Discover your family's story.
Enter a grandparent's name to get started.
John P. Clum, of San Bernardino, was born in Claverack, Columbia County, New York, in 1851, and his childhood and youth were passed on the banks of the historic Hudson. At the age of nineteen he graduated at the Hudson River Institute, and entered the freshman class of Rutger’s College, New Brunswick, New Jersey. After completing the first year and creditably passing all the examinations, adverse fortune compelled him to leave college, and in 1871 he entered the meteorological service of the United States Government. Having taken a course in meteorology and signaling, he was ordered to Santa Fe, New Mexico, and there opened a station for meteorological observations in November 1871. He was honored with the appointment as delegate to the Presbyterian General Assembly, held at Baltimore in 1873, and at St. Louis in 1874. On February 26, 1874, he was appointed Indian Agent of the Apaches at San Carlos, Arizona, and discharged the difficult duties of the office with remarkable fidelity and efficiency, and to the great satisfaction of the citizens of Arizona and Colorado. February 26, 1876, Mr. Clum resigned the agency, but finally, at the urgent request of the department, withdrew his resignation in October following. He resigned again in March, 1877, and left the agency July 1, 1877.
In November 1876, Mr. Clum was united in marriage, at Delaware, Ohio, with Miss Mary D. Ware, daughter of the late Hon. Thomas D. Ware, of Cincinnati, a refined and cultured lady, whose untimely death occurred in Tombstone, Arizona, after four years of a joyous wedded life. During his service as Indian Agent, Mr. Clum passed through many severe trials, hairbreadth escapes and thrilling adventures, one of the most exciting of which was the capture of the desperate and blood-thirsty savage, Chief Geronimo, the only time that wily old Indian ever was captured. This was affected at Ojo Caliente, New Mexico, April 21, 1877, after having marched on foot 350 miles from San Carlos with 120 Indian police. His strategy outwitted Geronimo, and he was captured and placed in irons without the loss of a single life, and, together with several of his worst chiefs, was taken to San Carlos and put in confinement.
After severing his connection with the Indian Agency, Mr. Clum returned to Florence and studied law. He was admitted to practice in the District Court of Arizona at Pinal in 1877; but, preferring journalism to the law, he became editor and proprietor of the Tucson (Arizona) Citizen in November 1877. He continued in that relation until February 1880, when he sold it to R. C. Brown. In May of that year, he, in connection with Messrs. Sorin and Reppy, established the Tombstone Epitaph, and for two years continued the relation of joint owner and editor of this paper. In June 1880, he was appointed Postmaster at Tombstone, Arizona Territory, and filled that office with ability and satisfaction. Early in January 1881, he was elected Mayor of Tombstone, assuming the duties of the office January 12.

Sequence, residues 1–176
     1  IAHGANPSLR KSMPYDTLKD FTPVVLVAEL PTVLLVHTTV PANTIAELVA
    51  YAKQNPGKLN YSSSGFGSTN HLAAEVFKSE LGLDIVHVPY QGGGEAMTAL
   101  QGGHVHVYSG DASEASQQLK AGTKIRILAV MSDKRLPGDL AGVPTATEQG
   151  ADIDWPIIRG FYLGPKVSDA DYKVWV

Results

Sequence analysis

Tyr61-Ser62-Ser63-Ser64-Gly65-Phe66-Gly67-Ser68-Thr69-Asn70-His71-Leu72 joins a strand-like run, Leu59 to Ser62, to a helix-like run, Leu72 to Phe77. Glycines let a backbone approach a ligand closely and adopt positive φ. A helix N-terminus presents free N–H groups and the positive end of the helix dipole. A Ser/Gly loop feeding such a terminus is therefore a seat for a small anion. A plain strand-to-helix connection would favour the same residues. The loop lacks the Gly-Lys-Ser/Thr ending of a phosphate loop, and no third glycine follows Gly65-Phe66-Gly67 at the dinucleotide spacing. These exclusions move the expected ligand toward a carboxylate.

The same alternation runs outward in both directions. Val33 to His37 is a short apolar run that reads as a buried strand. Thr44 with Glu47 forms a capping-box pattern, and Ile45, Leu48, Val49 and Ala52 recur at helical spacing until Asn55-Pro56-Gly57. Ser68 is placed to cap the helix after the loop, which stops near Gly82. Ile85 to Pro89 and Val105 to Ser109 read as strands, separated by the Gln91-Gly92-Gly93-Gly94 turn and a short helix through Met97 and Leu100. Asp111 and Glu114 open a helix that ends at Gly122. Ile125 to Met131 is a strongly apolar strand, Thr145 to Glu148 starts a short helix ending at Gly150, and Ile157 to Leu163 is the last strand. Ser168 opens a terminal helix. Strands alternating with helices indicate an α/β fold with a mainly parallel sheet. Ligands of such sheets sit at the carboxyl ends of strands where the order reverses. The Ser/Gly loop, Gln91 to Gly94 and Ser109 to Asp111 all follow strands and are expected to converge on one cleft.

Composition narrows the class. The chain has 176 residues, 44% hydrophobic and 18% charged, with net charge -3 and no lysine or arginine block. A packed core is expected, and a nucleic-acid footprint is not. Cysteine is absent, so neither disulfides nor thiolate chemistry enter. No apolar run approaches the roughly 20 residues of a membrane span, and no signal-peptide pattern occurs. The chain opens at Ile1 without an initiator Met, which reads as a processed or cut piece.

December 14, 1881, an attempt was made to assassinate him in the stage, en route from Tombstone to Tucson, by the lawless ruffians whom he gave no quarter in bringing to justice. In the latter part of 1882 Mr. Clum went to Washington and accepted a position in the office of the Chief Inspector of the Post office Department. In February 1883, he was again married, his second wife being Miss Belle Atwood, daughter of the late Judge J. P. Atwood, of Madison, Wisconsin. This estimable lady presides over the destinies of his domestic affairs with happiest results. Mr. Clum remained in the department at Washington until January 1885, when he was reappointed Postmaster at Tombstone. He resigned that office in August, and was elected Auditor and Recorder of Tombstone. In 1886 Mr. Clum removed to California, and settled in San Bernardino, where he has since been engaged in the real estate and insurance business.
Having taken an active interest in the progress of his chosen county, he has twice taken charge of horticultural and mineral exhibits of San Bernardino in the East, one held in Washington in March, 1889, and the Citrus Fair, held in New York in the winter of 1889-’90. All of these enterprises were triumphant successes.